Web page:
What is French toast?
French toast is an age-old recipe that involves dipping bread in an egg-and-milk mixture then pan frying it. After pan frying, it’s usually served with syrup, powdered sugar, or cinnamon and accompanied by bacon, sausage, or ham.
- Since it is quick and easy to make, it is a common breakfast or brunch food, as well as a dessert.
- In the US, French toast is so beloved that it even has its own day, November 28th to be exact.
According to TheKitchn, the four best types of bread for French toast are:
- Pullman Loaf
- French Bread/Baguette
While the name French toast is quite modern, traces of this centuries-old dish lay all over Europe. Ancient Romans consumed a food similar to it in 500 BC, according to a recipe in the book of Apicius. At the time, this dish was called “pan dulcis”, or sweet bread. In Germany, a dish of fried toast called “arme ritter”, or poor knights, dates back to the 14th century. A recipe similar to “pan dulcis,” called “lost bread” appeared in the court of Henry the V in the 15th century.
In France, this toast is known as “pain perdu”, or lost bread, as it was made with leftover stale bread. The name French toast can be traced back to 17th century England from where the recipe was brought to America by settlers, later appearing in print in The Encyclopedia of American Food and Drink in 1871. Today this toast is enjoyed all over the world. This toast is well-known around the world and goes by many names from “eggy bread” to “Poor Knights of Windsor”. Although various nations have their own way to enjoy and refer to this classic dish, they all still combine bread, eggs, and milk, as well as sweet and savory flavors in one delicious dish.
This is a revered breakfast food, but its traditional recipe is far from healthy. One slice can contain up to 450 calories! 18 grams of fat, and a whopping 35 grams of sugar. Anyone looking to enjoy a healthier version of this toast can make some simple swaps, such as choosing to use whole wheat bread or fresh fruit instead of sugar or syrup, or even frying in less oil.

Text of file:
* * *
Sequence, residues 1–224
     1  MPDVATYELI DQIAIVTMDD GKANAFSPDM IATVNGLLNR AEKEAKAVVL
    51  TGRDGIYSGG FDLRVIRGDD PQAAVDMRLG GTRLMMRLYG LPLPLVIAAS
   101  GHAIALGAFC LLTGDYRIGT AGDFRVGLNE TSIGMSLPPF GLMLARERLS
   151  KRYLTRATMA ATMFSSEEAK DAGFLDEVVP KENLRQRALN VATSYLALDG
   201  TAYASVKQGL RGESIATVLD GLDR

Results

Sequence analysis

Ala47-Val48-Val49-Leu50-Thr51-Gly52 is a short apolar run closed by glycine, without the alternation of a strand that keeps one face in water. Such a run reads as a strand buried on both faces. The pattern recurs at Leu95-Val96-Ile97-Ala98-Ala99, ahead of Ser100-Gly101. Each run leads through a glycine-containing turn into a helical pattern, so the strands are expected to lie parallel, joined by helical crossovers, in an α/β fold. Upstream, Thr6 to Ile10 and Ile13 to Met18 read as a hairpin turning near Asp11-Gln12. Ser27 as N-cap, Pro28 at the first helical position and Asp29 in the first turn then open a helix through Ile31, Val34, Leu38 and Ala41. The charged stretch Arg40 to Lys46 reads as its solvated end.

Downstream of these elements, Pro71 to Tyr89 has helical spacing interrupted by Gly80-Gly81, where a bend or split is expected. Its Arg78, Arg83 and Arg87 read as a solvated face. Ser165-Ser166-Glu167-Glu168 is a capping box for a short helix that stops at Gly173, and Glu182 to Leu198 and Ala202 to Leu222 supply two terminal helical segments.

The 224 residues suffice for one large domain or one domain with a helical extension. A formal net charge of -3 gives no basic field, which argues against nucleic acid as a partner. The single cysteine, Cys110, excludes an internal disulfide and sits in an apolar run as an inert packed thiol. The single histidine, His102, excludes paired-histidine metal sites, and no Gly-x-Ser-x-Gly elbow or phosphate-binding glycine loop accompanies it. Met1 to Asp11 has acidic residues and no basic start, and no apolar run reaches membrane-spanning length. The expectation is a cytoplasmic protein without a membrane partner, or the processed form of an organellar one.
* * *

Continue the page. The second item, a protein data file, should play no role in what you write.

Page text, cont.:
It is often made fresh at home or in restaurants, but it’s also commercially produced and packaged for sale. When commercially produced, this toast is processed through product plants from companies that make pancake batters, sausages, and other breakfast foods. In 2017, Pinnacle Food Inc., the umbrella company for famous brands like Aunt Jemima and Hungry Man, was forced to recall various food products due to possible contamination. Several of these foods were frozen products and may have been contaminated by listeria monocytogenes. While this is not a normal occurrence, listeria monocytogenes is an organism that has been shown to cause serious and, in extreme cases, fatal infections in young children, the elderly, and people with weakened immune systems.
As this toast combines egg and milk to make a satisfying batter, it’s vital to ensure these foods are safe to consume. To ensure that eggs are safe to consume and free of salmonella, they have to be stored properly. Milk should also be kept constantly cool with close attention paid to the best by date.
French toast is a classic breakfast enjoyed by many. Here are some popular renditions of it:
- Brioche French Toast
- Crème Brûlée French Toast
- Jam Jelly Donut French Toast
- Ham and Cheese sandwich
The FDA recommends that anyone consuming egg products be wary of salmonella. When handling egg products, such as this one, consumers should wash their hands properly, sanitize utensils and work spaces, as well as store these products separately. When cooking and serving, it’s best to follow the safety guide indicated by the FDA.
Mariani, John F. The Encyclopedia of American Food and Drink. Bloomsbury, 2014.
Noël, Élodie. “The History Of French Toast.” Food and Wine Ireland, Post Publications Ltd., 22 Nov. 2019, foodandwine.ie/features/the-history-of-french-toast.
Wonderopolis Where Does French Toast Come From? Wonderopolis, National Center for Families Learning, www.wonderopolis.org/wonder/where-does-french-toast-come-from.
Assuring the Safety of Eggs and Menu and Deli Items Made from Raw, Shell Eggs, U.S. Food and Drug Administration, https://www.fda.gov/media/77724/download